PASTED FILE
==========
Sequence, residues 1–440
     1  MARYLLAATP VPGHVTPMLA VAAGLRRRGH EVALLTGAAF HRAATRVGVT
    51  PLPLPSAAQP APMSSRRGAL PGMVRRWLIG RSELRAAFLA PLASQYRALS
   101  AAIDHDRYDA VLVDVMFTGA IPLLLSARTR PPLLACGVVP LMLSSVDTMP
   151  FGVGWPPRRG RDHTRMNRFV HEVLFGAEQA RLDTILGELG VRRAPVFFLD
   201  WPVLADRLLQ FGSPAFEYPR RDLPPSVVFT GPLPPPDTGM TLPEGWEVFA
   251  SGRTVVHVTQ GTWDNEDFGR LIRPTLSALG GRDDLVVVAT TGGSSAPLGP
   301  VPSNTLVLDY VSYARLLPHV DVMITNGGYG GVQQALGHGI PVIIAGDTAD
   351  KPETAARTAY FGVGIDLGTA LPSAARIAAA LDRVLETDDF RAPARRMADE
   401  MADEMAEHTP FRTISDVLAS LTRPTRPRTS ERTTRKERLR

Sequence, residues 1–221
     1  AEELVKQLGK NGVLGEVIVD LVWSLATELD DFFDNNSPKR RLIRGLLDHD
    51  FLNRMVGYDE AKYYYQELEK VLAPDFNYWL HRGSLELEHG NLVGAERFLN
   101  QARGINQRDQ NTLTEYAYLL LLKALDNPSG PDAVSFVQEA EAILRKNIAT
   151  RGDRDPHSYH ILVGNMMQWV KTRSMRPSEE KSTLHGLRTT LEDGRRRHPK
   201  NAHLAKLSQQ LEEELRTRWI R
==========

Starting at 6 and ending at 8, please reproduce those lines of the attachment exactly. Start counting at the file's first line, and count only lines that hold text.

   201  WPVLADRLLQ FGSPAFEYPR RDLPPSVVFT GPLPPPDTGM TLPEGWEVFA
   251  SGRTVVHVTQ GTWDNEDFGR LIRPTLSALG GRDDLVVVAT TGGSSAPLGP
   301  VPSNTLVLDY VSYARLLPHV DVMITNGGYG GVQQALGHGI PVIIAGDTAD